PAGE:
EU officials disturbed, convinced about ‘parallel state’: PM Erdoğan

EU officials disturbed, convinced about ‘parallel state’: PM Erdoğan

EU officials disturbed, convinced about ‘parallel state’: PM Erdoğan

PM Erdogan and European parliament president Martin Schulz gave a press conference after a meeting at the European Parliament in Brussels, on January 21. AA Photo

Prime Minister Recep Tayyip Erdoğan has said he hopes he has now convinced European officials about the existence of a “parallel structure” within the state that aimed to damage the government through graft probes.

“I told them about the parallel structure. After giving them some examples, they were very disturbed, too. I think that they have been convinced,” Erdoğan told reporters during a flight back from Brussels late Jan. 21 after meeting EU President Herman van Rompuy, European Commission head Jose Manuel Barroso and European Parliament leader Martin Schulz.

Statements following the critical meetings were softer than many expected, with top EU officials affirming that Erdoğan had given them reassurances that the government’s controversial judicial bill following the graft scandal would not undermine the independence of the judiciary.

“For example, there are 25 sacks [containing investigation files] in the second wave [of the graft probe]. The prosecutor gives detention orders without opening them. The method of selection of the businessmen is also interesting. They are primarily those who participated in the consortiums [that will build Istanbul’s] third bridge and third airport,” Erdoğan told the group of journalists that accompanied him to Brussels.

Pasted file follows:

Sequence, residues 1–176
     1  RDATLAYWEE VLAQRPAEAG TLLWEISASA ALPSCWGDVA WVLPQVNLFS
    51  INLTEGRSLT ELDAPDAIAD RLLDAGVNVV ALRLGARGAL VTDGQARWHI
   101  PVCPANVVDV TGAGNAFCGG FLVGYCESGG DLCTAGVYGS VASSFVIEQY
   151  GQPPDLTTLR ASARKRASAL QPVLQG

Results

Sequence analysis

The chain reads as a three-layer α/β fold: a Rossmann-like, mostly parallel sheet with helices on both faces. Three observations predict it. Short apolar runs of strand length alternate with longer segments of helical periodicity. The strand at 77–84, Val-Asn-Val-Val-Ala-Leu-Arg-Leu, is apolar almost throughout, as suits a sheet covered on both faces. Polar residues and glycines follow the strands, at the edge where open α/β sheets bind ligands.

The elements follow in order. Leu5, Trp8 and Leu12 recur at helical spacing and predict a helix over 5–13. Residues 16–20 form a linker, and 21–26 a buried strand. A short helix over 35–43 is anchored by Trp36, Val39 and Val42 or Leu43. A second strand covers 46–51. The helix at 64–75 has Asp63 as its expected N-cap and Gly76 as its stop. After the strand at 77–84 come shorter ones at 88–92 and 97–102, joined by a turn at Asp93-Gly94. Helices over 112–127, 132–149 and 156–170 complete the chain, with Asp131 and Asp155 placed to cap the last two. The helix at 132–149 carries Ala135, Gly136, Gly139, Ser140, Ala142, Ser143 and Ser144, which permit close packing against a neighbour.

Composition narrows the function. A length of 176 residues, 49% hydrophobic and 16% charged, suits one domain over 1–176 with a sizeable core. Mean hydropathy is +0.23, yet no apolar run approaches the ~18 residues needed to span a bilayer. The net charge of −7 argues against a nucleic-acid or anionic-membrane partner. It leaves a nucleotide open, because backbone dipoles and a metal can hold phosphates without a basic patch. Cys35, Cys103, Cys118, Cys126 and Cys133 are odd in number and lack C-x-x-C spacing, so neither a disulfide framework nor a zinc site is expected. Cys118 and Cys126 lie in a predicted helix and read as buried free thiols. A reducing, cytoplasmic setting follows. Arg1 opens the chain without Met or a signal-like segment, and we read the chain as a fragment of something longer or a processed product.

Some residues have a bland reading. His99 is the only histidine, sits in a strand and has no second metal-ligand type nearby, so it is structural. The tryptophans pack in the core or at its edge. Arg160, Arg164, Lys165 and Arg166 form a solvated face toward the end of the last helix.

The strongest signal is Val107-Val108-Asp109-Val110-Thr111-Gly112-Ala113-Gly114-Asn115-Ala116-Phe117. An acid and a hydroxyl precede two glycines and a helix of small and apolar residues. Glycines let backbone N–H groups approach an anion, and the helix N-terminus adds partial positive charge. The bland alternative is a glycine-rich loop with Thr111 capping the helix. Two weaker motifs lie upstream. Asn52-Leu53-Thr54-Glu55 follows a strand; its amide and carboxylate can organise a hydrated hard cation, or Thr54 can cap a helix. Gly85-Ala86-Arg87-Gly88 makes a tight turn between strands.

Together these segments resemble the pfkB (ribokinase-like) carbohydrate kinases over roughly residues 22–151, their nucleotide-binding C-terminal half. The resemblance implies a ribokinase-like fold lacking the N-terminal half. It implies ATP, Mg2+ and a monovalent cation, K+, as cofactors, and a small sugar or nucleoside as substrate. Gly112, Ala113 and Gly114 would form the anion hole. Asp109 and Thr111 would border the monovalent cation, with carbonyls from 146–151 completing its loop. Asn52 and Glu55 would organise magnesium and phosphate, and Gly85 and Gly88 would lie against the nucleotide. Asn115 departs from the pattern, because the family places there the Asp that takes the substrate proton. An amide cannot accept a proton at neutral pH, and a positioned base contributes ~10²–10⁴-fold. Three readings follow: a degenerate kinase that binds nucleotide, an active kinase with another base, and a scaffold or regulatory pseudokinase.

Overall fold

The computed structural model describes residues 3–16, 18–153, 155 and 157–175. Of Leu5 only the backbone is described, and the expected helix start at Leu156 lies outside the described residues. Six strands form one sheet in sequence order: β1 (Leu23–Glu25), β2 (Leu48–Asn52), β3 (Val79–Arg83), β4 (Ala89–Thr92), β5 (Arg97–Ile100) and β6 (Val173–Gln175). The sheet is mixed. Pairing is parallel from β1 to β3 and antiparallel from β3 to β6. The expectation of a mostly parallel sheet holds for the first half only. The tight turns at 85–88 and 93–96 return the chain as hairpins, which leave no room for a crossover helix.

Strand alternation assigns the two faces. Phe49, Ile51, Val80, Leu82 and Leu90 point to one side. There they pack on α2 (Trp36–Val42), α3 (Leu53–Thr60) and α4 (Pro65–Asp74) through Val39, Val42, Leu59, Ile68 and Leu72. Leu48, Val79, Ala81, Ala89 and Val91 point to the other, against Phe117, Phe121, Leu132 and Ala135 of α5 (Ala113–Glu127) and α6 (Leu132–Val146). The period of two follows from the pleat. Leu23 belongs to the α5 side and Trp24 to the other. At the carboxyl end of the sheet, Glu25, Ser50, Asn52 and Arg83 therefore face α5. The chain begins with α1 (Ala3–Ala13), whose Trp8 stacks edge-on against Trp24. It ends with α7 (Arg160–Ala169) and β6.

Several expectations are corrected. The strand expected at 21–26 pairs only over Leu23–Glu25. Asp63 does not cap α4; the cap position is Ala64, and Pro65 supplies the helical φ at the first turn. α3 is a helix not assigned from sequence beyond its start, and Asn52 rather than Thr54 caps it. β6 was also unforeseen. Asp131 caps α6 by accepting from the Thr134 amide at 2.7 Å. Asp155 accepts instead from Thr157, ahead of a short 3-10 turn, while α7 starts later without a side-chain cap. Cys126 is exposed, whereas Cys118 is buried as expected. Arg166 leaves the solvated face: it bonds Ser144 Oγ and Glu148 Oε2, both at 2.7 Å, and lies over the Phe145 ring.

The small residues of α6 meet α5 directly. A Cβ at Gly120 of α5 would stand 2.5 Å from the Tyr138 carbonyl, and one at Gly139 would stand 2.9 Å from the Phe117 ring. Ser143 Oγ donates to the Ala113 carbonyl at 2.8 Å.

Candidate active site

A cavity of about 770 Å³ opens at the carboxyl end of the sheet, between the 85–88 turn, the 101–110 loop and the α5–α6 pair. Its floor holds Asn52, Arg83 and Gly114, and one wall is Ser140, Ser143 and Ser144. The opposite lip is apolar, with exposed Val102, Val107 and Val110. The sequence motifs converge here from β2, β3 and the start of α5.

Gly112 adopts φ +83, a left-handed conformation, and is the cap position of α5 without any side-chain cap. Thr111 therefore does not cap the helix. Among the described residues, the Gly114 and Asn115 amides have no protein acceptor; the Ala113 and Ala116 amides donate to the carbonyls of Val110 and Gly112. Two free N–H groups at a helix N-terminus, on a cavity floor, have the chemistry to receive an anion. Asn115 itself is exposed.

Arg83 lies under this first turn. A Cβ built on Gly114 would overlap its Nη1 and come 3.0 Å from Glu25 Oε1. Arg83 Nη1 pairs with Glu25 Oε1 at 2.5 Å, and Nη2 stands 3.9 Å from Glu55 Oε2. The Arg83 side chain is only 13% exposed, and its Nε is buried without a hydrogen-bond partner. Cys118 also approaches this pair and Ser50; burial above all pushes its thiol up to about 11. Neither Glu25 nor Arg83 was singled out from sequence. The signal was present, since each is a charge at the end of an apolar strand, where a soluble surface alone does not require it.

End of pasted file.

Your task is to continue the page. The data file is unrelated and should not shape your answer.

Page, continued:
Erdoğan also said European officials admitted that there were different practices in different member countries toward their respective judiciaries.

“I asked them if they had an EU standard. [I said] no, Spain, France, the Netherlands are different. They all said yes,” Erdoğan said.

He also touched on the nationwide Gezi Park Resistance during which the police’s severe crackdown sparked an international outcry.

“They know Gezi incorrectly. There is the issue of cutting down 15 trees, but there is also a government that has planted 2.5 times as many trees. Nobody can compete on environmentalism. I tell them, ‘Do you know about this?’ I gave them examples about Frankfurt and Hamburg and said that ‘our [police] did not do more than that.’ They did not say anything.”

Erdoğan’s latest visit marked his first to the EU capital since 2009 and came after the opening of the first chapter in accession negotiations in the last two-and-a-half years.